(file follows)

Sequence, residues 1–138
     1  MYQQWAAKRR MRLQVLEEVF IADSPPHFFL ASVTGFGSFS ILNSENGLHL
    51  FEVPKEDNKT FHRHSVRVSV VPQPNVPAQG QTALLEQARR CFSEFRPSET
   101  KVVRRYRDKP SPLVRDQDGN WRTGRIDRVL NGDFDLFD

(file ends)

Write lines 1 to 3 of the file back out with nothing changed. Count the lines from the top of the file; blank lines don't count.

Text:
Sequence, residues 1–138
     1  MYQQWAAKRR MRLQVLEEVF IADSPPHFFL ASVTGFGSFS ILNSENGLHL
    51  FEVPKEDNKT FHRHSVRVSV VPQPNVPAQG QTALLEQARR CFSEFRPSET